Coral, is a limestone formation formed in the sea by millions of tiny animals. Coral formations may look like branching trees, large domes, small irregular crusts, or tiny organ pipes. The living coral-forming animals color the formation in beautiful shades of tan, orange, yellow, purple, and green. When the animals die, they leave limestone "skeletons" that form the foundations of barriers and ridges called coral reefs. Coral reefs look like lovely sea gardens because of the many colorful sea animals that live among the corals. These animals include fishes, starfish, and sea anemones.
Sometimes coral masses build up until they rise above the water to form coral islands. The grinding, battering sea helps to build coral islands. It breaks up the coral growths and piles them up. Other creatures, such as calcifying algae, cement the pieces together and a rigid structure is formed. Often, soil lodges on the coral and vegetation begins to grow. Many Pacific islands were formed this way.
Coral reefs are found mostly in warm, shallow, and tropical seas, because the reef-forming corals cannot live in water colder than 65 °F . Reefs abound throughout the South Pacific, in the East Indies and the Indian Ocean to Sri Lanka, and around Madagascar on the southeastern African coast. They also form along the tropical eastern coast of Brazil, through the West Indies, along the Florida coast, and at Bermuda. There are three types of coral reefs: (1) fringing reefs; (2) barrier reefs; and (3) atolls.
Fringing reefs are submerged platforms of living coral animals that extend from the shore into the sea. Barrier reefs follow the shoreline, but are separated from it by water. They form a barrier between the water near the shore and the open sea. A barrier reef may consist of a long series of reefs separated by channels of open water. Such reefs usually surround volcanic islands of the South Pacific. The Great Barrier Reef of Australia, about 1,250 miles long, is the largest coral reef in the world. An atoll is a ring-shaped coral island in the open sea. It forms when coral builds up on a submerged mudbank or on the rim of the crater of a sunken volcano. The atoll surrounds a body of water called a lagoon. One or more channels connnect the lagoon to the open sea. Many coral islands of the South Pacific Ocean are atolls.
Coral reefs do not develop on the east coast of North America north of Florida and Bermuda. But small patches of coral grow as far north as New England. Certain kinds of coral grow as far north as the Arctic Circle. How coral is formed. The animals that form coral belong to the same animal group as the hydras, jellyfish, and sea anemones. Most individual coral animals, called polyps, are less than 1 inch in diameter, but a small percentage measure as much as 1 foot. A coral polyp has a cylinder-shaped body. At one end is a mouth surrounded by tiny tentacles. The other end attaches to the limestone skeletons of dead polyps. Most coral polyps live together in colonies. The stony corals attach themselves to each other with a flat sheet of tissue that connects to the middle of each body. Half of the coral polyp extends above the sheet and half below.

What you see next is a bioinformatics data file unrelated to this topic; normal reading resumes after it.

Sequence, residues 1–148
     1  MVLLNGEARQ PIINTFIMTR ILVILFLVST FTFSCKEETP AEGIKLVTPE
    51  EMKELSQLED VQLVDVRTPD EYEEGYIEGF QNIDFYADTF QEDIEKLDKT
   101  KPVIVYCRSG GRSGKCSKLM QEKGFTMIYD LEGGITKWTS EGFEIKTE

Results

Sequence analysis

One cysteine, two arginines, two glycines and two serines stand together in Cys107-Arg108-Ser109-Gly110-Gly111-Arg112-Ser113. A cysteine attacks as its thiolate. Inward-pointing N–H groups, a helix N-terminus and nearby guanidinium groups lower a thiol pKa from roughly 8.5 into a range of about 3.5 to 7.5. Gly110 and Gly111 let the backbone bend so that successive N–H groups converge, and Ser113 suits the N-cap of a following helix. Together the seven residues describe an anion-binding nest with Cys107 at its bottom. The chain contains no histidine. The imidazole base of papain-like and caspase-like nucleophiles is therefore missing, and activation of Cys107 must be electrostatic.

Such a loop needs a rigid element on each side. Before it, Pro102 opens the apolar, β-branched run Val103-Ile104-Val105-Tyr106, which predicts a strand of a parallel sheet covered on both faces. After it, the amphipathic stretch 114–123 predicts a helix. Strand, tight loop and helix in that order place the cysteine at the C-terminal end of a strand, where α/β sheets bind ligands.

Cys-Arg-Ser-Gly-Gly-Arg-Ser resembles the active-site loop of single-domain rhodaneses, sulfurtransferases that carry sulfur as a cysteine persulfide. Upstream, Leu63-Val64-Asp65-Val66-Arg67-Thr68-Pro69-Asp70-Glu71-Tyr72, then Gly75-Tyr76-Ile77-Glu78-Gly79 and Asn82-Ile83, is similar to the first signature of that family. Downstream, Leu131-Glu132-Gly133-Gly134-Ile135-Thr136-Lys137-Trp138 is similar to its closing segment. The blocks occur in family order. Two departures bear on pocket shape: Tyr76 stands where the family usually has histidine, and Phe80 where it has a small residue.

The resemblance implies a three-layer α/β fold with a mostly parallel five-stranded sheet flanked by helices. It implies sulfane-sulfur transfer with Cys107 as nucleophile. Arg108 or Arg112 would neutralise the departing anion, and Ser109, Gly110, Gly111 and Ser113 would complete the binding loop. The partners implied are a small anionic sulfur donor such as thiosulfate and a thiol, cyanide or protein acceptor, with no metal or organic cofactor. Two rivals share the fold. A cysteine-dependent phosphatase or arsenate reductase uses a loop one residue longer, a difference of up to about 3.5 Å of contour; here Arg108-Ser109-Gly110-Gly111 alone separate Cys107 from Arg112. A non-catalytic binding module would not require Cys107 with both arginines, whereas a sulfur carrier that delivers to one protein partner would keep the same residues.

Coral polyps build their limestone skeletons by taking calcium out of the seawater. Then they deposit calcium carbonate (limestone) around the lower half of the body. As new polyps grow, the limestone formation becomes larger and larger. Coral polyps feed mainly on tiny swimming animals, such as the larvae of many kinds of shellfish. Reef corals cannot live without special, single-celled algae that live in the polyp's own tissue. The polyps use food manufactured and released by the algae. The algae also help the coral animals secrete their limestone skeletons. Coral reefs grow only in water with enough light for photosynthesis to occur in the algae. Coral polyps reproduce either from eggs or by budding. Small, knoblike growths called buds appear on the body of an adult polyp, or on the connecting sheet, from time to time. These buds grow larger, separate from the parent, and begin to deposit their own limestone in the colony. Budding helps the colony increase its size. New colonies of coral polyps form when the adult polyps of an old colony produce eggs. The eggs grow into tiny forms that swim away. Then the developing animals settle to the sea bottom and begin to form new colonies by budding.
Various marine animals eat living coral-forming animals. The loss of coral to such animals is usually balanced by the development of new coral colonies and the growth of old ones. But beginning in the 1960's, large numbers of crown-of-thorns starfish destroyed stony coral colonies on many reefs of the southwest Pacific Ocean. Scientists are trying to determine what has caused this starfish to become so numerous. Precious and gorgonian corals. Other kinds of coral, in addition to stony corals, are found in the world's oceans. These corals are also colonies of polyps, but the skeletons they form are internal rather than external.
Precious coral is a species valued for jewelry. It has a hard core that can be polished. Polishing brings out beautiful red, rose, or pink colors. Craftworkers carve it into beads and other ornaments. Precious coral grows in bushlike formations in the Mediterranean Sea and Sea of Japan. Gorgonian corals have internal skeletons of a flexible, horny substance. These corals look like bushes, fans, or whips. They may be soft yellow, rose, purple, brown, tan, or black. In clear West Indian waters, gorgonian corals look like sea gardens as they wave on the reefs.